Unsane…hums along with an aggressively engaging energy that hooked me from the start.
I wanted to curl up and die in this beautiful, horrible world.
Del Toro gorges his artistic appetite from all possible angles, but makes the strongest, most human elements secondary to all the visual candy.
Living Among Us (2018) is the second feature-length horror movie by indie writer/director/producer Brian A. Metcalf (The Lost Tree, 2016). It’s a competent production. The film boasts a cast that includes Esmé Bianco (Game of Thrones, 2011-3), James Russo (Donnie Brasco, 1997), William Sadler (The Shawshank Redemption, 1994), and the late John Heard (Home Alone, 1990). Yet, its story is familiar and weak, as is its POV video aesthetic. Its production design and acting also could have been better, even given the limitations of its low budget. The film’s negative aspects outweigh the positives, especially for the seasoned horror fan.
The script and direction lean so heavily on wanting to appease a built-in audience that it never tries very hard, despite the exasperating visuals.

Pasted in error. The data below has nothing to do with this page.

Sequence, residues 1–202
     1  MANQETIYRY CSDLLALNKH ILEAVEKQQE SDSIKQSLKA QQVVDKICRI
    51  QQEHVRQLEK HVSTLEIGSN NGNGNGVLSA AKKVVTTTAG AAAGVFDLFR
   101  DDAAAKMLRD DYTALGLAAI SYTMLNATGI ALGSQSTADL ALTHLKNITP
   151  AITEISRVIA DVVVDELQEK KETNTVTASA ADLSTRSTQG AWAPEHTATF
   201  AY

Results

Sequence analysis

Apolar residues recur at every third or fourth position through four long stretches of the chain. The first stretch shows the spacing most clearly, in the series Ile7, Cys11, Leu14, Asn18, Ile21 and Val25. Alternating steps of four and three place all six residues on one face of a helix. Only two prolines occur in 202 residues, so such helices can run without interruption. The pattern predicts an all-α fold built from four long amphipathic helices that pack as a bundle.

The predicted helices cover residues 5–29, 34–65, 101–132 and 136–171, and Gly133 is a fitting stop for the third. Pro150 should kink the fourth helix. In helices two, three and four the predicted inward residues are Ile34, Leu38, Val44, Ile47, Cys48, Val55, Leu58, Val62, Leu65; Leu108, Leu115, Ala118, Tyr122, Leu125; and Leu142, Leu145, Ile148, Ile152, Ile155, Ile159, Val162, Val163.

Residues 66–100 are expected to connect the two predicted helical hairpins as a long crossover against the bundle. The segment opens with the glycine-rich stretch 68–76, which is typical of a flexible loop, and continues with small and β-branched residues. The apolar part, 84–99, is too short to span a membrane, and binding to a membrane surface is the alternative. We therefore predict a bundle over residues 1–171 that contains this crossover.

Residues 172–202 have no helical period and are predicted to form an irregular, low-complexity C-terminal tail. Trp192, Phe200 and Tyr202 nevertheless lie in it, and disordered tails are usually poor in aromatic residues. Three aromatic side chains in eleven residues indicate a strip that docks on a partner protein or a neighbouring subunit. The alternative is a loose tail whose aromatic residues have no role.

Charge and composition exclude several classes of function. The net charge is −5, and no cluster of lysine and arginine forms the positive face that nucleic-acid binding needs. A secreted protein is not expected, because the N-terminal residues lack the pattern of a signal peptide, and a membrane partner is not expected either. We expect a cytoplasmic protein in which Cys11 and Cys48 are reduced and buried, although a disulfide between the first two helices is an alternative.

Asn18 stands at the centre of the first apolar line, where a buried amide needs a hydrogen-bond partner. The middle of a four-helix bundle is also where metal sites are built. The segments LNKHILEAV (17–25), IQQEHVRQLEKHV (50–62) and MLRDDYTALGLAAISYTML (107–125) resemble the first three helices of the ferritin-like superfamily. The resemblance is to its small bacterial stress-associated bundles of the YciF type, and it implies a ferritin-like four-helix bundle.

Not unlike I Spit on Your Grave and Ms. 45, M.F.A. contains scattered kernels of revelation.
AMITYVILLE: THE AWAKENING falls into the category of films that really didn’t need to be a sequel. Certain movies seem as if they would have been better received if released on their own.
Difficult art doesn’t exist to be accepted and loved. It exists to exist.
I’m not sure what circumstances prompted the Twisted Pictures folks to revive their mascot…but I can’t say Jigsaw’s return isn’t timely.
As horror premises go, Flatliners is as classical as Frankenstein.